Uighur leader accepts invitation to visit Taiwan

TAIPEI — Exiled Uighur leader Rebiya Kadeer has accepted an invitation to visit Taiwan, supporters said on Wednesday in a development handing the island’s China-friendly government a political dilemma.

If the Taiwan authorities grant a visa to Kadeer, they are likely to infuriate Beijing, which says she is a “criminal” who masterminded ethnic violence in her home region of Xinjiang in northwest China in July.


“Kadeer expressed her thanks for the invitation and said she will certainly visit Taiwan,” said Marie Lin of the Taiwan Youth Anti-Communist Corps following a telephone discussion with Kadeer on Tuesday.

“She is a very warm and gentle woman. We hope the Taiwanese people can see for themselves how Beijing attacks its dissidents with lies,” she told AFP.

Guts United Taiwan, another pro-independence group which joined the corps in inviting Kadeer, said Wednesday its leader, Freddy Lin, was now in Washington.

Lin, also the lead vocalist of Taiwanese black metal band “Chthonic,” was expected to meet the Uighur leader there later Wednesday local time to finalise the trip, according to Guts United Taiwan.

“Rebiya Kadeer hopes to be able to carry out face-to-face exchanges with various groups in Taiwan at an appropriate time,” said Dilxat Raxit, a Sweden-based spokesman for the World Uighur Congress, which Kadeer heads.

When asked if now was an appropriate time, he said this depended on Taiwan’s ability to carry out “flexible and active diplomacy”.

The invitation puts Taiwan’s government — voted to power last year on a promise to improve ties with China — in a no-win situation, according to analysts.

China will be infuriated if Kadeer is granted a visa, while pro-independence groups at home and rights groups abroad will be angered if she is not.

“This is a decision-making dilemma for the government as whatever it does there will be criticism,” said George Tsai, a political scientist at Chinese Culture University in Taipei.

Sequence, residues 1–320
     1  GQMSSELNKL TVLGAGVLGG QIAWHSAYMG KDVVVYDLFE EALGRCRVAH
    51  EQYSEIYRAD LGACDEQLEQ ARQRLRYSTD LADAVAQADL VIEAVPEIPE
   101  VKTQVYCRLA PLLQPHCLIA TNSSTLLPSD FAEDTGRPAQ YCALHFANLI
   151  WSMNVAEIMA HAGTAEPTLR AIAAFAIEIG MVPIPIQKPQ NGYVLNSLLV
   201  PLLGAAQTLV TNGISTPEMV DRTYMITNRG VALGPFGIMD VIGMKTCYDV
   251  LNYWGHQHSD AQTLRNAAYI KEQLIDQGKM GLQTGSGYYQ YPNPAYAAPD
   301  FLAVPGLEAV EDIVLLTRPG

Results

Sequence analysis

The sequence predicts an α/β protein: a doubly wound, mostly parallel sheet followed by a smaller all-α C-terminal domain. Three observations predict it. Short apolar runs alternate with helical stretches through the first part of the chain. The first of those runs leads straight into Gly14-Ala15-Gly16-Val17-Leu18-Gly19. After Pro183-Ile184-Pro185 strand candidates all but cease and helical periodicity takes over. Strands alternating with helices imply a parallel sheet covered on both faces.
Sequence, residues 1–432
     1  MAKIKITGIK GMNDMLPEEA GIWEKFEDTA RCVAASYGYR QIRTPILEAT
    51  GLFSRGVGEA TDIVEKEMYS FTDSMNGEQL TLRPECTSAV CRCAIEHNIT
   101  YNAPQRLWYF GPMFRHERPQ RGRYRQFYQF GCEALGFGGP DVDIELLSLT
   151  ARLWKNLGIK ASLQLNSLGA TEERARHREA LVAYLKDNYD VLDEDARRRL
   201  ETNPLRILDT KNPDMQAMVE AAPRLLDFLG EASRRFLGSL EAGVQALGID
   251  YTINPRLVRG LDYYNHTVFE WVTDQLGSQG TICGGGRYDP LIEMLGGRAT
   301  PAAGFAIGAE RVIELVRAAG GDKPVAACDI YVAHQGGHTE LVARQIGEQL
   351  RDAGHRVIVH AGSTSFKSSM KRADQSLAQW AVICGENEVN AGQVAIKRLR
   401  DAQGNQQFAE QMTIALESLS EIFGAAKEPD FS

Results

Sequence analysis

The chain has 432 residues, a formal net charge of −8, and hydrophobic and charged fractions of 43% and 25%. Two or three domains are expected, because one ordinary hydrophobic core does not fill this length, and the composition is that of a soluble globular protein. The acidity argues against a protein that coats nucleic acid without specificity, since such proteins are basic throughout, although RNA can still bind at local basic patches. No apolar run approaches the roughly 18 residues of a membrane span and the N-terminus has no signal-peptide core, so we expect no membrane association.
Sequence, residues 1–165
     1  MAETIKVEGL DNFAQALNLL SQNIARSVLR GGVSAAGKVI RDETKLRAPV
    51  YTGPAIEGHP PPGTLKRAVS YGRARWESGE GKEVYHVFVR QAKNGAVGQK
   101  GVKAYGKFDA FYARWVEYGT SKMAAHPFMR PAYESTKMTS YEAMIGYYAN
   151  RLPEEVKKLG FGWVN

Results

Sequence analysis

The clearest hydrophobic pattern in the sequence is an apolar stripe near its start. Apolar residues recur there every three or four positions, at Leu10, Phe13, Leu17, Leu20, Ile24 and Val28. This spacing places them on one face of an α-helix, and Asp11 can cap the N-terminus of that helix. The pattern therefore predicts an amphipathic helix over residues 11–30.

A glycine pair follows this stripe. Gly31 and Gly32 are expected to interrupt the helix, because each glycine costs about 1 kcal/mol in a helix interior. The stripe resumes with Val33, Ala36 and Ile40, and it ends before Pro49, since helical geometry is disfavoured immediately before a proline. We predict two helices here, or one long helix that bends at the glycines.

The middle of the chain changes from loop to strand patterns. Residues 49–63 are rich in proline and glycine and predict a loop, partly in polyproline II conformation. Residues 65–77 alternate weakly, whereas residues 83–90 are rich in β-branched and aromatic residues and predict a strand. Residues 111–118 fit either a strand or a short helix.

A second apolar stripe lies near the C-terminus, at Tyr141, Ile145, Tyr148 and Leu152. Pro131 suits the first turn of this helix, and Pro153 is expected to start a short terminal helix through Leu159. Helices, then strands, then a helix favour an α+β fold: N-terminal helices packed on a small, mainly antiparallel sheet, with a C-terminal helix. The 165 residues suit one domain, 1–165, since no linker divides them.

“If Taipei again steps on Beijing’s red line by granting Kadeer a visa, Beijing is likely to use its stick now rather than carrots.”

He said China could punish Taiwan by not signing a trade pact or financial cooperation agreement or by vetoing a Taiwanese plan to join specialised United Nations agencies.

Premier Wu Den-yih would not say Tuesday if the government would permit the visit, but said a decision would be announced by the end of the week.

China is already simmering over the screening this week in Taiwan’s second-largest city Kaohsiung of a biopic about Kadeer, triggering a wave of cancelled hotel reservations by Chinese tour groups.

“The Kaohsiung city government insists on screening the film to defend the freedom of speech,” said Kaohsiung Mayor Chen Chu of the pro-independence Democratic Progressive Party.

“This is not a reckless political move but a demonstration of social values in Taiwan,” she said in a statement.

Screening of the film was moved from a film library to a cinema on Wednesday due to the large crowd hoping to see it.

Meanwhile, Taipei Mayor Hau Lung-bin was quoted by the state-run Central News Agency as saying he would support and welcome the screening of Kadeer’s film in the capital city.

Kadeer, who has lived in exile in the Washington area since being freed from a Chinese prison in 2005, denies orchestrating the July violence. About 200 people died when Uighurs and Han Chinese clashed.

The Kadeer film and a recent visit by exiled Tibetan leader the Dalai Lama to Taiwan have strained cross-strait ties, which have otherwise improved markedly since President Ma Ying-jeou came to power here in 2008.


ABOUT HUMAN RIGHTS IN EAST TURKISTAN Uyghur Foundation Stichting Oeigoeren Nederland Stichting Uighur Jurat Barat  Stichting Uyghur Oost-Turkestan Uyghur Logo Nederlanders Holland Europe HUMAN RIGHTS  Xinjiang Uyghur Autonomous Region Erkin Alptekin Rebiya Kadeer

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